In response to Moses' prayer, the Lord told Moses to make a "brass snake," put it on a pole, and announce that anyone who had been bitten, if he looked at the brass snake, he would live (Num. 21:8­9).

Some thought the brass snake was a god, and for about 700 years they burned incense to it (2 Kings 18:4). Finally, Hezekiah, a sensible king, called it a nehushtan, "a piece of brass," and had it broken in pieces (2 Kings 18:4).

No healing power was in looking at a piece of brass. The healing power was in God, but he decided to require an amoral "looking" at the brass snake before he healed the people.

The brass snake on a pole was a type of Christ on his cross:

As Moses lifted up the snake in the wilderness, even so must the Son of man be lifted up, in order that everyone who believes may have eternal life in him John 3:14­15).

Both the looking at the snake and the believing in Christ are amoral commands of God, with no power in either the looking or the believing. In parallel, death resulted without the looking, and eternal life is forfeited without the believing (John 14:6; Acts 4:12). Biblical believing includes obedience, for Jesus is "the author of eternal salvation to all who obey him" (Heb. 5:9).

The Walls of Jericho

Thirteen trips around the walls of Jericho, accompanied with trumpet blasts and a shout, did not make the walls fall. But God's power to make them fall was not displayed until the Israelites had obeyed God's amoral commands (Josh. 6:12­20).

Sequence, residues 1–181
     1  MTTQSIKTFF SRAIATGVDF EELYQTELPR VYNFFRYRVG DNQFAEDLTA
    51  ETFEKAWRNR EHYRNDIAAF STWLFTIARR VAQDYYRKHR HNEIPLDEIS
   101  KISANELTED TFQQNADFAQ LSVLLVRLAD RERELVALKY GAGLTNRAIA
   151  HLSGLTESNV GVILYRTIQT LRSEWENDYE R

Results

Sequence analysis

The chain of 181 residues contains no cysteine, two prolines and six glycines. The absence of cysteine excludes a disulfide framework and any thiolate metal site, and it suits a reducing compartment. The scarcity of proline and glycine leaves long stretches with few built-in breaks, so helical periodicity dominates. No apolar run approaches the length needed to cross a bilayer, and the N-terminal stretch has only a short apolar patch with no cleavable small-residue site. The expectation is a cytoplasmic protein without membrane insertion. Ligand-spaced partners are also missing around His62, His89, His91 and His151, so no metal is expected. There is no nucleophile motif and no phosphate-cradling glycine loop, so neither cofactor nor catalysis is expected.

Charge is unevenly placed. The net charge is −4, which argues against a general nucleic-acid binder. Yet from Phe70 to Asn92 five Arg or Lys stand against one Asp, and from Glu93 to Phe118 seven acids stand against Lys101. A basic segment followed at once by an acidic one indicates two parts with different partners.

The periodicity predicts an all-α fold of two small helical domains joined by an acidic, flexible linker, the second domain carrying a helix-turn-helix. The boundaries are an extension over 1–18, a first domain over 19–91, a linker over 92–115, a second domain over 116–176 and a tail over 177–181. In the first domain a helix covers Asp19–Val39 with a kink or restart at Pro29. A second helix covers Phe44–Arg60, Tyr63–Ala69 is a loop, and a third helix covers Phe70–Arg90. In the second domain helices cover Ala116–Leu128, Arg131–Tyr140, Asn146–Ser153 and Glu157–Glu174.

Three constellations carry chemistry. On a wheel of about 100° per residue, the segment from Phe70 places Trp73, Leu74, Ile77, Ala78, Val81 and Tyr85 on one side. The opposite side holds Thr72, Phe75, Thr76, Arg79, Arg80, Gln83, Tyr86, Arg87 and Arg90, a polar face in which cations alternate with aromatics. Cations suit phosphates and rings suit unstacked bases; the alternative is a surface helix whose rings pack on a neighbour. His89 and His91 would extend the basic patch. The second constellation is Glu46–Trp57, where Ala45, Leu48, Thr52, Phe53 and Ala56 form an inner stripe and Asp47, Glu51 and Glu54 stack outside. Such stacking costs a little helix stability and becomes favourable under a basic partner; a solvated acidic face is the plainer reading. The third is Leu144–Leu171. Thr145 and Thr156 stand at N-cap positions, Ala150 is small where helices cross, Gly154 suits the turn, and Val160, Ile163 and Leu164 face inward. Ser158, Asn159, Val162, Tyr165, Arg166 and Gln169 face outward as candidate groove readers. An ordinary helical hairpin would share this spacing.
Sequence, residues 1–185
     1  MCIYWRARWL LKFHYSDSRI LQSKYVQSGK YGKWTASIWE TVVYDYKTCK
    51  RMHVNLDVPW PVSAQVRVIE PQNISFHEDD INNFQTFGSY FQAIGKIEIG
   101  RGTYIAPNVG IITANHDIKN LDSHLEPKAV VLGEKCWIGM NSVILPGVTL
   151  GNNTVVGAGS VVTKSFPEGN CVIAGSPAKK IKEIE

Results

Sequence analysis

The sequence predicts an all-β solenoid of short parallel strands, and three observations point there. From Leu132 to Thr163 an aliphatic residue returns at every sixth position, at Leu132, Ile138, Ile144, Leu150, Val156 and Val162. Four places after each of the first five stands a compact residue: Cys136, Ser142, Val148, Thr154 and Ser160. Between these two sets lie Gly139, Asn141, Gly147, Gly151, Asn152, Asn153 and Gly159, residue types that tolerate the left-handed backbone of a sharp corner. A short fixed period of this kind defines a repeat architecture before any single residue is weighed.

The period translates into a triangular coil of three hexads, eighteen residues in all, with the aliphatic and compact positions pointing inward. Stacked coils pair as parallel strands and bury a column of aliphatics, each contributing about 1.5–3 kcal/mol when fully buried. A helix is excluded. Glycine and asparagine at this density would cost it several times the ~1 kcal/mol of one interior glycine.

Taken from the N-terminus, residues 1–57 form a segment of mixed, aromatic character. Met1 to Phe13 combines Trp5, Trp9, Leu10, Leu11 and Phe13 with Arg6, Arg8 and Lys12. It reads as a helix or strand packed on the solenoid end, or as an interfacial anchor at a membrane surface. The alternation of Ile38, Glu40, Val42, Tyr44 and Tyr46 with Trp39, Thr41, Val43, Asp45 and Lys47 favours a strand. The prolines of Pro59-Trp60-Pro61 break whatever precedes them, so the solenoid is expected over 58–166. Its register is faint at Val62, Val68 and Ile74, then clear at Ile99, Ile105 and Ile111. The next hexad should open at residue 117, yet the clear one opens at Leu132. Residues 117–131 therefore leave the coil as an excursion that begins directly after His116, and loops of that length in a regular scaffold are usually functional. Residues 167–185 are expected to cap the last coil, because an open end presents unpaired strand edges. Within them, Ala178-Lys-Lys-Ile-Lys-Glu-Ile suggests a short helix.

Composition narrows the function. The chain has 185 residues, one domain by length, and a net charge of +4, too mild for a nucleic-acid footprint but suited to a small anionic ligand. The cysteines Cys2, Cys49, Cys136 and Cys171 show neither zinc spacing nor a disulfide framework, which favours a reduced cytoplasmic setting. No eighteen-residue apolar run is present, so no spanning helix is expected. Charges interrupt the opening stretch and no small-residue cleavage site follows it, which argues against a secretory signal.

God gave a negative amoral command to Adam: "Of the tree of the knowledge of good and evil you shall not eat" (Gen. 2:17). He may even have prohibited touching that tree (Gen. 3:3). Similarly, God gave a negative amoral command in regard to "all the vessels of the sanctuary that they were untouchable" (Num. 4:15).

One of those vessels was a wooden chest called "the ark of testimony" (Num. 4:15). One day, when the oxen shook that holy ark, being carried by a cart, Uzzah, a driver of the cart, "reached out his hand to the ark of God and took hold of it" (2 Sam. 6:6). Since the chest was not to be touched, God had to kill Uzzah (2 Sam. 6:7), for God demands that all of his laws be respected, even his amoral ones.


Naaman's immersing himself seven times in the Jordan River did not cure his leprosy. But God's power to heal was not displayed until he obeyed God's amoral command (2 Kings 5:14).

A Blind Man

A blind man's washing mud from his eyes did not give him sight. But God's power to give sight was not displayed until the man had obeyed Jesus' amoral command (John 9:7).


The water in which Paul was baptized did not wash away his sins. But God's power to wash sins away was not displayed until he had obeyed the amoral command "to be baptized and wash away your sins" (Acts 22:16).